The use of the CSR 1000V removes the need for dedicated routing hardware, and a complete suite of NFV elements can replace IT service functionality needed at the branch. Cisco has various options to orchestrate and automate these virtual instances using Network Service Orchestrator and Enterprise Service Automation engine (APIC-EM).

Below are the use cases within the enterprise for CSR 1000V:

  1. vBranch
  2. Route reflector
  3. LISP xTR
  4. VPN Gateway

The adoption of CSR 1000V for these use cases has helped the enterprise to scale and optimize their CAPEX investment. The extension of enterprise has resulted in an increase in demand for enterprise features in the cloud, such as:

  1. DMVPN
  2. Performance routing (PFR)
  3. IPSEC
  4. Firewall functionality
  5. NAT
  6. LISP
  7. VxLAN

Virtual Branch Solution

The NFV approach to branch virtualization opens up new technology avenues by providing a platform for customers to deploy virtualized network elements as required. Coupling this with an easy-to-use end-to-end orchestration and management framework, enterprises are able to significantly reduce costs and get better return on investment (ROI) by avoiding expensive truck rolls to enable services at their branches. These are the key aspects of branch virtualization:

  • Programmability—You can leverage open APIs to enable better automation of network services while improving visibility.
  • Agility—You gain flexibility in deploying services quickly in a timely manner. You can improve business efficiency in capital and operations by meeting the evolving business requirements, including traffic growth, diversity of traffic types, performance, reliability demands, and expectations.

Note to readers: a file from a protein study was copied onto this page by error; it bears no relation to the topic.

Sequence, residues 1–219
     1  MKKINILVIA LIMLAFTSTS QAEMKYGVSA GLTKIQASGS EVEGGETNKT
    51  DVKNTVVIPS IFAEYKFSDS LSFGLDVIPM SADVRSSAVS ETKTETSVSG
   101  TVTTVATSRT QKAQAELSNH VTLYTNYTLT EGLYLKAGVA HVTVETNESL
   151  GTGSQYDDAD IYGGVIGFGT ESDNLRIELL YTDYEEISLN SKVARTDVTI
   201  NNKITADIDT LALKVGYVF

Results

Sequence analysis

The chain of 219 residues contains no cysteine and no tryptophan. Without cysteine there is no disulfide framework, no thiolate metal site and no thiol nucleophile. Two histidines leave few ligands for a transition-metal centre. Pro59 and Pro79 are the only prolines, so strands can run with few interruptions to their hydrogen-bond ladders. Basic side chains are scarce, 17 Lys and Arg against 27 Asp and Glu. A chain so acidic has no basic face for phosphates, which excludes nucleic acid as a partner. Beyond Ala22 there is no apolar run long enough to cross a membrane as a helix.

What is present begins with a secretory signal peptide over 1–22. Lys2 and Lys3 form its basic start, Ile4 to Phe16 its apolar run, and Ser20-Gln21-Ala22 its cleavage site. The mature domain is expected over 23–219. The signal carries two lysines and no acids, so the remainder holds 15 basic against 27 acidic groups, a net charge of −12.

• Simplicity—You can reduce complexity from services and operations and endorse more nimble business models. You gain the ability to manage all branches with a single pane of glass.

Branch virtualization leverages a specialized platform customized to take care of NFV requirements and offload special functions, such as encryption and customized drivers, to provide increased performance for different NFV elements. NFVs and VNFs are the foundation blocks for the next-generation networking gear:

  • Customized x86 hardware to host VNF elements
  • Optimized hypervisor platform to launch VNF elements
  • Solid foundation of orchestration engine
  • Flexible options for I/O


NFV enables on-demand service and centralized orchestration for integrating the new service into the existing ones—in essence creating a service chain. For example, a customer who desires firewall functionality can use a portal to choose among a list of VNFs (ASAv, vWAAS, and so on), which will then be deployed dynamically on the platform. Enterprises gain the ability to choose "best of breed" VNFs to implement a particular service. By using NFV, you can spawn virtual devices to scale to new feature requirements. For example, the branch router has a security gateway (firewall and Sourcefire) that provides functionalities such as firewall services, Advanced Malware Protection (AMP), Application Visibility and Control (AVC), and URL filtering. Instead of using firewall functionality in the router, you have an option of using an NFV element that provides additional security functionality.

There are currently no related articles. Please check back later.